or Connect
ChefTalk.com › ChefTalk Cooking Forums › Cooking Discussions › Food & Cooking › Food safety question: Does boiling kill bad bacteria?
New Posts  All Forums:Forum Nav:

Food safety question: Does boiling kill bad bacteria?

post #1 of 12
Thread Starter 
Boiled up some stock bones but left the pot out too long (out all day at 50-60 degrees). Now, I know that's not safe. I'm going to throw it out (sigh).

But if I strained it and boiled the stock, won't I kill any bad bugs?

I'm 99.9 percent sure I have to just throw it out anyway, not worth the risk. But I'm still curious.
post #2 of 12
Just guessing here, but yes, boiling it would kill the bacteria. However, it won't get rid of any nasty taste left behind by them. A stock gone bad tastes pretty sour and no amount of boiling will take care of that. Try boiling it then taste it before you make any decisions. If it's for a food service operation, throw it out.
post #3 of 12
Was it at 50-60 degrees the whole time, or just when you last measured temp? How hot would you estimate it was when you cut off the heat, and how big was the volume (ergo, how long was the temp in the "danger zone")?

I'm with you. I would throw it out, but I would also sigh. And wonder.

RF
"'If I watch out for rocks
With my eyes straight ahead,
I'll keep out of trouble
Forever,' I said."
Dr. Seuss, "I Had Trouble in getting to Solla Sollew"
Reply
"'If I watch out for rocks
With my eyes straight ahead,
I'll keep out of trouble
Forever,' I said."
Dr. Seuss, "I Had Trouble in getting to Solla Sollew"
Reply
post #4 of 12
The hard & fast rule is that if a potentially hazardous product is in "the zone" of 40-140f for 4 hours, out it goes. Given that beef is on the list of potentially hazardous items, there really isn't a gray area. Sorry :(

Invention, my dear friends, is ninety-three percent perspiration, six percent electricity, four percent evaporation, and two percent butterscotch ripple

My Author Page

Reply

Invention, my dear friends, is ninety-three percent perspiration, six percent electricity, four percent evaporation, and two percent butterscotch ripple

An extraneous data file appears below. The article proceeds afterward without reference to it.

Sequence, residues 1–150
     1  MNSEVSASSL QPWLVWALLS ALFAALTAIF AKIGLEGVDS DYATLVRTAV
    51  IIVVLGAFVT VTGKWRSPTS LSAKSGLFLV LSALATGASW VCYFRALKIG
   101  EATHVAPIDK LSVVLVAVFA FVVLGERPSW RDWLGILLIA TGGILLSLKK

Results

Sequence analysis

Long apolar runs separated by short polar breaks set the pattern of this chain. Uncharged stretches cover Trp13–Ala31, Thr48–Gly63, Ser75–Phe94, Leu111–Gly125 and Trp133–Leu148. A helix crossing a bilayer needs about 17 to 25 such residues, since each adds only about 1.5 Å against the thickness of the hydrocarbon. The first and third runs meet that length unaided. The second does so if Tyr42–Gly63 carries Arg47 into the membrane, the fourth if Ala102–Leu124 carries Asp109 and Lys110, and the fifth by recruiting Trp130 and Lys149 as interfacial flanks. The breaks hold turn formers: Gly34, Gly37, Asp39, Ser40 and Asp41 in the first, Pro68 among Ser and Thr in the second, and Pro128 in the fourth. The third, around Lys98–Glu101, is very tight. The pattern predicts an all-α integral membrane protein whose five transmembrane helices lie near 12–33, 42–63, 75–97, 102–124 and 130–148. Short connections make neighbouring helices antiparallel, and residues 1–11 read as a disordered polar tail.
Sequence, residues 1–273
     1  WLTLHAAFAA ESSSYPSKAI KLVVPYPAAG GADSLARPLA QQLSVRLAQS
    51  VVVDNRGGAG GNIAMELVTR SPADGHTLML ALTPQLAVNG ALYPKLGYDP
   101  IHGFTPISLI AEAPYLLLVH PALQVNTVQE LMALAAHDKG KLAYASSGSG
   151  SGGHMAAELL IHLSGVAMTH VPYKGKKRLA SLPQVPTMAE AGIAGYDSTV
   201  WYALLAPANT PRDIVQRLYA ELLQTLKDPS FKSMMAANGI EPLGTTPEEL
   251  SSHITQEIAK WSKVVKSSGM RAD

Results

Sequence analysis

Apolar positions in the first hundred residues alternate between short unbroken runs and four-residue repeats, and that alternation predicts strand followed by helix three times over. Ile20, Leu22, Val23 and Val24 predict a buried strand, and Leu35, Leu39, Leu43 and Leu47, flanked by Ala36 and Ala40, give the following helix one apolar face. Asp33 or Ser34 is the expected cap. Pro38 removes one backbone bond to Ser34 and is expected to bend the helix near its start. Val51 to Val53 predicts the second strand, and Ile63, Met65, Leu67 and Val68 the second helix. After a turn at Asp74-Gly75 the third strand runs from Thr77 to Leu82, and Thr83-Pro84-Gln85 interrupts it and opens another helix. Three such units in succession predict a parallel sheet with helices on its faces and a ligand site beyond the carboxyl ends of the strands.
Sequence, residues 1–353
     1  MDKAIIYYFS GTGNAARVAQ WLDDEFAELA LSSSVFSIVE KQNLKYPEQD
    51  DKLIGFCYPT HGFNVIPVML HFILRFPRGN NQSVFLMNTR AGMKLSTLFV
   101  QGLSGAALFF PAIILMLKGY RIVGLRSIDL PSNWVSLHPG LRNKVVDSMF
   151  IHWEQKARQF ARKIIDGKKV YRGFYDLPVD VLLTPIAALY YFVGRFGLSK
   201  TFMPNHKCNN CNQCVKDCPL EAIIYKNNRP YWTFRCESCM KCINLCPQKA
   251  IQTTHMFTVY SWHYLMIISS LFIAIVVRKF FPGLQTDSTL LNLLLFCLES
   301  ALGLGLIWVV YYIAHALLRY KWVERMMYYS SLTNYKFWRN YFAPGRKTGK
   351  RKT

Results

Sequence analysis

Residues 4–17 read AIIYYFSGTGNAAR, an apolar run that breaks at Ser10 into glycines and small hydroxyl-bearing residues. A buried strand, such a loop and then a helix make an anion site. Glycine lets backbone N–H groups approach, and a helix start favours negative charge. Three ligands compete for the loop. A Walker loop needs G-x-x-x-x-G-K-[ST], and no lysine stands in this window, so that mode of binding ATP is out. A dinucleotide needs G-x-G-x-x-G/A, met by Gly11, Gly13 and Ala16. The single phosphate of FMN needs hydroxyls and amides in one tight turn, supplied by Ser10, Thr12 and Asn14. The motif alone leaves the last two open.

My Author Page

Reply
post #5 of 12
There are really two ways for those little microbes to make you sick. One is through infection, the other through intoxication. In an infection it is the microbes themselves that make you sick, and yes boiling the stock for a period of time would kill them off. But an intoxication is where the microbes make you sick from the waste products they produce, through feeding, respiration and reproduction. These toxic substances are not always destroyed by boiling. One example is the botulism toxin. It will survive most normal boilings, and there are many others. Chances are your stock would be safe, those little bugs are not that common, but why risk it. The few dollars and little time you spent making it, doesn't justify making yourself or someone else sick. And the potential for really making someone sick, or even killing them is there. So your safest bet is , when in doubt throw it out.
http://www.onceachef.com/ is my personal blog where I share many recipes, my passion for cooking, and all things food.
Reply
http://www.onceachef.com/ is my personal blog where I share many recipes, my passion for cooking, and all things food.
Reply
post #6 of 12
Listen to Pete.

Even if you do handle it properly, boiling doesn't kill everything.Botulism spores can take the boiling with ease, for example as can some viruses. So what you do with it after boiling is very important.